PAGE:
Israel’s largest ever home front exercise ended yesterday as part of the emergency authorities’ preparation for a number of possible scenarios, including a cyber attack that in theory could bring down the country’s computer networks.
Week end comment
Israel began to test its home front preparedness conducting annual drills following the war against Hezbollah in 2006 where serious failings were exposed in Israel’s handling of emergencies. This year’s drill, code-named Turning Point 4, simulated the firing of hundreds of missiles from multiple fronts. The fourth annual drill lasted five days and was carried out in all parts of the country.
The emphasis of this year’s exercise was on the response of local authorities to a military crisis. But according to the Haaretz newspaper the civil defence drill on Wednesday “highlighted a disturbing chasm between the hyperactivity of the authorities and the apathy of the public”.
Public indifference would have been swept aside if the authorities had given the green light for a drill whereby all Internet services nationwide were shut down. But Israel did indeed test its response to a strike at its computer and electronic communications infrastructure after a cyber attack, albeit on a limited scale, the first such drill in the past four years.
The “cyber preparedness” part of the exercise simulated an Internet-based assault on the country’s communications and computer infrastructure, of the type defence experts believe hostile elements could mount in a war.
Electronic targets could include mobile phone networks, banks and transportation communications systems, such as those of Israel Railways and Ben-Gurion International Airport.
A special department of Military Intelligence has been created to counter electronic warfare threats. It began back in 1997 and goes by the name of Tehila, an acronym for the Governmental Infrastructure for the Internet Era. The Shin Bet security service is responsible for protecting the civilian electronic infrastructure.
During Turning Point 4, an announcement was made that the Internet had crashed due to a cyber attack, and the forces involved in the drill had to cope until service was restored. How did they do? It was still under wraps when this article was published.
In its own war on terror, Israel has to brace herself for an electronic blitzkrieg sponsored by any nerd sympathising with rogue anti-Zionist states. In 2009 Israeli government computers were targeted during Operation Cast Lead. Fortunately, the damage sustained was minor. February’s cyber attack drill in the U.S. showed just how vulnerable Israel’s main ally is for electronic warfare from data insurgents.
In June 2009 Israel admitted a major cyber attack hit government computers in January during Operation Cast Lead. The computers were briefly deactivated by the millions of junk emails being sent to them every second by a program which officials said utilised over a half a million computers worldwide. It’s not known if this was the work of a coordinated group or a lone hacker who wrote the software necessary to subjugate all the computers necessary to carry out the attack.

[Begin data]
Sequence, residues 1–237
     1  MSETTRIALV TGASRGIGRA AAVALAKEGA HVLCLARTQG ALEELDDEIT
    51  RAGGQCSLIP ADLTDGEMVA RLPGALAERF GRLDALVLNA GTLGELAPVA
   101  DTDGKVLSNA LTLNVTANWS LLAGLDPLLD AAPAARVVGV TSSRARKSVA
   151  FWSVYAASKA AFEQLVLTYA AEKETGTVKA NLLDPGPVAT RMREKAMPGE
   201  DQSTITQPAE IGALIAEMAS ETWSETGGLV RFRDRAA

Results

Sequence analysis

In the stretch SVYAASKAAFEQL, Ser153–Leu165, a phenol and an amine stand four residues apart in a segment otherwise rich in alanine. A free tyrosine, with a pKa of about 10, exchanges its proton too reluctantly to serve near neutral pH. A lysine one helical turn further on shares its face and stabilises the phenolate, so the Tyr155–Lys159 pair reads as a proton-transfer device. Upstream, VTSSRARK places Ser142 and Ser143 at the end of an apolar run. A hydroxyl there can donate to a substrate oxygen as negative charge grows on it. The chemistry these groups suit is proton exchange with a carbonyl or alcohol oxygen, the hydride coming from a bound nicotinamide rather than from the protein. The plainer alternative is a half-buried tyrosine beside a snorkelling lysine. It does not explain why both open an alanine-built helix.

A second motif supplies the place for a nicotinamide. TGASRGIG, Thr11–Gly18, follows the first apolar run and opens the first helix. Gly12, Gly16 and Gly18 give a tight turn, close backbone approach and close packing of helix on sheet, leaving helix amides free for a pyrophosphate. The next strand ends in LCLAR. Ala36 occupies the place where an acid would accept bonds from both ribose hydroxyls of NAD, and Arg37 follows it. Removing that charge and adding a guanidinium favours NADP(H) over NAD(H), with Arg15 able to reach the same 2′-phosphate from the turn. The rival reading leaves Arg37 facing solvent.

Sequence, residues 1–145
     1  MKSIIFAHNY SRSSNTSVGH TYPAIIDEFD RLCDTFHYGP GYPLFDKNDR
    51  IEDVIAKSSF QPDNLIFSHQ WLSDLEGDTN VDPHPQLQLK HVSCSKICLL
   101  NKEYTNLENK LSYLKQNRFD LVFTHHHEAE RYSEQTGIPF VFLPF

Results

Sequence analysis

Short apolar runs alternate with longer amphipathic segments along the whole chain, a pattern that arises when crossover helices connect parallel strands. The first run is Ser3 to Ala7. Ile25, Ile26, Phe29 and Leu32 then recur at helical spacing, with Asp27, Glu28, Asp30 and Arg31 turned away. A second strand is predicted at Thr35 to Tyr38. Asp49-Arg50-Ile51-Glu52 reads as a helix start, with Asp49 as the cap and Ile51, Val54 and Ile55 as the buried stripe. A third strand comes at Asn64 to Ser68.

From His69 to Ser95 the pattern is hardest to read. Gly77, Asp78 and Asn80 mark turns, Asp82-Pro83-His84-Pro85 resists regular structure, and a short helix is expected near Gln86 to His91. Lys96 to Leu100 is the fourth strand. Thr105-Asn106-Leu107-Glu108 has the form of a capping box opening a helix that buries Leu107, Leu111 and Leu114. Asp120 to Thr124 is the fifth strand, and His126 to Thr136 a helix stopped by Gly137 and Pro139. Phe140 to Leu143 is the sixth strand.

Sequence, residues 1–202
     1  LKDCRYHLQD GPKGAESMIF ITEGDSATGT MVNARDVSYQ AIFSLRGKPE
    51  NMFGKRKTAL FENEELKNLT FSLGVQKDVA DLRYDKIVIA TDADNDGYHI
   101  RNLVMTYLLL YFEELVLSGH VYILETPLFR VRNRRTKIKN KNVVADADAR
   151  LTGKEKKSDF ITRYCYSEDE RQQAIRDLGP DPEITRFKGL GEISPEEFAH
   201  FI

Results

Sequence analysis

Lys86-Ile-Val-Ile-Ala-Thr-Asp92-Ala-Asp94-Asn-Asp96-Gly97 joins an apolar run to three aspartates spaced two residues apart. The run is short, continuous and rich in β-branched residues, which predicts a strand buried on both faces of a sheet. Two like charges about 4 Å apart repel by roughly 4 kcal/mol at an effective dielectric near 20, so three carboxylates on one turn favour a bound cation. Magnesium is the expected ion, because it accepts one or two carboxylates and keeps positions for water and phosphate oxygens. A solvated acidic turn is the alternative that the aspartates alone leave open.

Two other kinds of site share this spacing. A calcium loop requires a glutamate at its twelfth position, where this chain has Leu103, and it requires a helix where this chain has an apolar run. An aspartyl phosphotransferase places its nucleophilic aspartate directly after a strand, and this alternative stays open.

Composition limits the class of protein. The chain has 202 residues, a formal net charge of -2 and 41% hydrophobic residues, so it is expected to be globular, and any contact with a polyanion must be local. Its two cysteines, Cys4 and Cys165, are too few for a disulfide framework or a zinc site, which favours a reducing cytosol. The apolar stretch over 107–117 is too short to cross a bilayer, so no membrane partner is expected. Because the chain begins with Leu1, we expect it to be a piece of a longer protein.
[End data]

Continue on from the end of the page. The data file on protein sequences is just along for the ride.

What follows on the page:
Officials said that Tehila was able to fend off the attacks and rectify most of problems within minutes. The most serious breach was the website of the IDF Home Front Command, which has information vital to Israel’s ability to respond to emergencies and was down for around three hours during the attacks. Israeli websites routinely endure attacks during flare-ups in the conflict with Palestinian Arabs, but this was the most severe and coordinated cyber attack ever, according to the report.
In February a three hour long cyber attack drill showed that Israel’s online friend, the U.S., is unprepared for total blackout scenarios. According to the Bipartisan Policy Center, the United States is incapable of responding to an attack on its computer networks. An exercise conducted found that critical communication and electrical power systems could be seriously affected.
The Cyber ShockWave exercise was conducted to determine how the government could develop a real-time response to a wide-scale cyber crisis. During the test, a group of ten former White House advisors and other top officials joined forces to grapple with specific scenarios. According to the officials, the U.S. isn’t sufficiently prepared for an attack of this magnitude.
Some of the main problems officials faced were how to deal with a malware attack that spread via people’s personal computers and smart phones. Additionally, the scenario involving a complete power grid collapse caused a domino effect in technical failures that hampered officials’ abilities to handle the situation. Officials who took part in the test agreed that no grand plan exists.
The shutdown of the Internet and electrical power would spell disaster for any “household” in the global village. The world offline is a world lost in cyberspace. The tech-savvy “mansion” of God the Father – I am, of course, referring to Israel – has furnished the world with cyberspace solutions and represents the vanguard of all future developments in the computer industry. Jews residing in the American “cottage” have also contributed handsomely.
It’s of the utmost importance that the Israelis and ex-pat Jews develop the defence systems which can keep the skies clear of an electronic onslaught from the prince of the power of the air and his jihad hackers and hijackers. God’s house, Israel, will be the ultimate refuge in the days ahead. The God of Israel and his Messiah have ready their grand plan that will be the saving force for a millennium to come. Tehila – in Hebrew the word means song or praise – must take into account that they are assisted by angels singing along. These heavenly agents know a thing or two about protecting human software.